Are you able to see a variety of bees and bumblebees? Have you notice other animals or insects in the garden?
I’ve sometimes counted 5-10 different kinds of bees or wasps on a single flowering bush. It’s funny to look out into the yard and see a plant bouncing about as if it’s windy. I go out there and it’s a full platoon of bumblebees hopping from flower to flower. We grow patches of milkweed for the monarchs and see lots of different types of butterflies. Birds love picking at the perennial seeds and rabbits taste-test everything (we over-plant so there’s enough for everyone). We also have toads, chipmunks, squirrels, moles, and occasionally a fox or wild turkey.
Have you been stung? Do you think people who are allergic to bees can take steps to prevent stings?
I’ve been stung by a wasp, but never a bee in the yard. Bees in general are not aggressive and tend to be noisy. I spend a lot of time digging and weeding and when I hear a bee, I pay attention and move to let them go about their business. There are even particular types of wasps, like Potter’s wasps, that aren’t aggressive and are beneficial for a yard, since they eat pests. Most homeowners get stung by unexpectedly stepping on or mowing over a ground nest or allowing yellow jackets to build nests too close to human activity.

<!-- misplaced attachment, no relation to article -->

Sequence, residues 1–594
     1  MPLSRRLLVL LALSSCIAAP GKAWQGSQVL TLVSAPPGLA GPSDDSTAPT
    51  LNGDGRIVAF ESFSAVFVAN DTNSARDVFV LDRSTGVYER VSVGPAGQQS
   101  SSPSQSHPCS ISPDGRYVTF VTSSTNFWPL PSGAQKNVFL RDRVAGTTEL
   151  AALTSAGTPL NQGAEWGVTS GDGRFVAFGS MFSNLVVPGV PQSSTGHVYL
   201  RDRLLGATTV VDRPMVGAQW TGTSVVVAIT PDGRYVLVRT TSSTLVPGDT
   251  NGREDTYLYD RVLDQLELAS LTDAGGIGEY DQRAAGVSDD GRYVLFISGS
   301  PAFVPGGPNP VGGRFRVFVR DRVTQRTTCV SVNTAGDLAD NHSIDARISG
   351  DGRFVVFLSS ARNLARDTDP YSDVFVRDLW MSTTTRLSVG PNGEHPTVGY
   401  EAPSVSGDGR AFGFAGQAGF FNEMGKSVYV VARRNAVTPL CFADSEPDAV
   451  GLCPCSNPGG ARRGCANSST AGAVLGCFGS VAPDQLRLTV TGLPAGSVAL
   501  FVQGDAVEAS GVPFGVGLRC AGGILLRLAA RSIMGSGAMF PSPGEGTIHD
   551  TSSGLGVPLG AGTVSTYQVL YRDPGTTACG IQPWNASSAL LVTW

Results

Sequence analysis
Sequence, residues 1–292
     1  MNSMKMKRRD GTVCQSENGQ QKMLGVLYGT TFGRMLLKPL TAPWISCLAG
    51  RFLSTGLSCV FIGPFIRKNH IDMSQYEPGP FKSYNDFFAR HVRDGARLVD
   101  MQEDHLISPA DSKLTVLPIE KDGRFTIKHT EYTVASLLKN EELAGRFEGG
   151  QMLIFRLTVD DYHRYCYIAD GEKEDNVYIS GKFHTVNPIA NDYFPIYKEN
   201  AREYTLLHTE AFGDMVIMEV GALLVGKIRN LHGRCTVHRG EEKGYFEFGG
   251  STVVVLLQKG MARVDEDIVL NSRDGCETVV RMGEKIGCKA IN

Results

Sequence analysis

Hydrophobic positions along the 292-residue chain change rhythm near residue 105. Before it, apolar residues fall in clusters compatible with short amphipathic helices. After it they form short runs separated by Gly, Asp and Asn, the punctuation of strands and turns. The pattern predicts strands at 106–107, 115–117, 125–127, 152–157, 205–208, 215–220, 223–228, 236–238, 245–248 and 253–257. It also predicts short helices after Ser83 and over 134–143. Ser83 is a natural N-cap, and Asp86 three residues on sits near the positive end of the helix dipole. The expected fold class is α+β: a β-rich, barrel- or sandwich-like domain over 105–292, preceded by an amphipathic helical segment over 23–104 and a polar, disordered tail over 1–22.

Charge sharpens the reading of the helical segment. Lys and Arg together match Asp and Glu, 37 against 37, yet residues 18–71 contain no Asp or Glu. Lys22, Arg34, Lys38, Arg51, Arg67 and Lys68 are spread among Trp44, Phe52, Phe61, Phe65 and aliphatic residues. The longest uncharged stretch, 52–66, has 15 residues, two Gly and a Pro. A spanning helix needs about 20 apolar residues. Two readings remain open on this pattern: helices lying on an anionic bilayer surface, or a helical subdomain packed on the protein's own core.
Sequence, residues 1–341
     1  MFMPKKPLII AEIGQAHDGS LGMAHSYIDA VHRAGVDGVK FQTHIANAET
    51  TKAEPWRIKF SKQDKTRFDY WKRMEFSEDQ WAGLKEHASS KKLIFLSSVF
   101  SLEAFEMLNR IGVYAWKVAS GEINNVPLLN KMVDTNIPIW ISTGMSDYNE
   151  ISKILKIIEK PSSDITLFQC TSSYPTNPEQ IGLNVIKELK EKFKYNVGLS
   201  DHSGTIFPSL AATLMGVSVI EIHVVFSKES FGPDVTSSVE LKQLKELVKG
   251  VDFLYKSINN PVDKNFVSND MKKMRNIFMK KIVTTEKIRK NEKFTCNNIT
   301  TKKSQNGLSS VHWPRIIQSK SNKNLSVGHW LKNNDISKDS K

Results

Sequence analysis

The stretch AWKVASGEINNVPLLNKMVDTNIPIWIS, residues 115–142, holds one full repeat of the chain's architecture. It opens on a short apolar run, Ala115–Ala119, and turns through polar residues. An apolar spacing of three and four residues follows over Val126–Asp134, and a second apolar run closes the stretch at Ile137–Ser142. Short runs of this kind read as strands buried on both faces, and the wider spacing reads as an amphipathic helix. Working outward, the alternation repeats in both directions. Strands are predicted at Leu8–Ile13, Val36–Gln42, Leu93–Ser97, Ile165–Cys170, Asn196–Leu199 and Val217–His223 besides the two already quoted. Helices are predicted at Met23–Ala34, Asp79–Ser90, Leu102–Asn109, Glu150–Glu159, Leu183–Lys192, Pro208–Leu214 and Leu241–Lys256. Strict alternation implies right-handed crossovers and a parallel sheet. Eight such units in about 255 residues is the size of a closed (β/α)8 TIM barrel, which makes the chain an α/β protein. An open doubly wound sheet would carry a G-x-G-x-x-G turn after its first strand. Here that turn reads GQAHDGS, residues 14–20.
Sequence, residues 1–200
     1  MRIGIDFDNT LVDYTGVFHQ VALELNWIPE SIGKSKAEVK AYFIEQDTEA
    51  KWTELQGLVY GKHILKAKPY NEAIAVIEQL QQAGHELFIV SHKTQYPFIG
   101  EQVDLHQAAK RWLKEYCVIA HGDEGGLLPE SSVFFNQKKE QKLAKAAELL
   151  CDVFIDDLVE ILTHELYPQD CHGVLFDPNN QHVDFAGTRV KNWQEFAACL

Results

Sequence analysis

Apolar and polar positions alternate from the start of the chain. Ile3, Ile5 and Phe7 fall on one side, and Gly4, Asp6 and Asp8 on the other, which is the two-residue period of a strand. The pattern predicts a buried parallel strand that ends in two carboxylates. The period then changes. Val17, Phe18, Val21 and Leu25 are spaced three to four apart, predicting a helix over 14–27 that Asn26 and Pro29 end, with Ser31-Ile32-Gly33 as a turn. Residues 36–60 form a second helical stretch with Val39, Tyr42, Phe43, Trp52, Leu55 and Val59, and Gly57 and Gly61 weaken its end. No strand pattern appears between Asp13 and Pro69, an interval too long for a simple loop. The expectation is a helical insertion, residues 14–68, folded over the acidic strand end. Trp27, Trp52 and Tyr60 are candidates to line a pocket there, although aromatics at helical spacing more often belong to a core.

Is the garden in your front and backyard, both? Do you also have a vegetable garden?
Our front yard is almost all perennials now. We still have a lawn in the back that gets shrunk more each year, as we plant perennials. We also have a vegetable garden, cherry tree, concord grape vines, raspberries, blueberries, strawberries. It’s actually a bit of a mess at the moment, but like the perennial garden, each year we develop it more. I should say, too, that our yard is relatively small – we don’t have a huge property, but have discovered you can fit a lot into a small space.
What books or resources did you read to learn about bee-friendly yards? Were greenhouse staff helpful?
I’ve attended some classes and read a lot of books, but nothing really replaces just doing it. The challenge these days is to find plants that haven’t already been treated with neonicotinoids, which is an insecticide that impacts pollinators. Of course, I didn’t know this when I started gardening, so we’re not purists.
Which greenhouses do you recommend?
I’ve gone to a wide range of greenhouses and like I said, I’m not a purist. As the saying goes, one shouldn’t let perfect be the enemy of good. My favorite way of getting plants these days is from friends or plant sales in someone’s driveway. Whatever shape you get them in, it’s how you grow them in your own yard that makes the difference.
Are there any programs to help homeowners such as yourself with knowledge or grants?
I had considered doing a master gardener program, but couldn’t commit the time when I was working. Community education programs are often available to homeowners. I find the magical internet to be a font of information for people wishing to grow organic or pollinator-friendly yards. There’s so much information out there.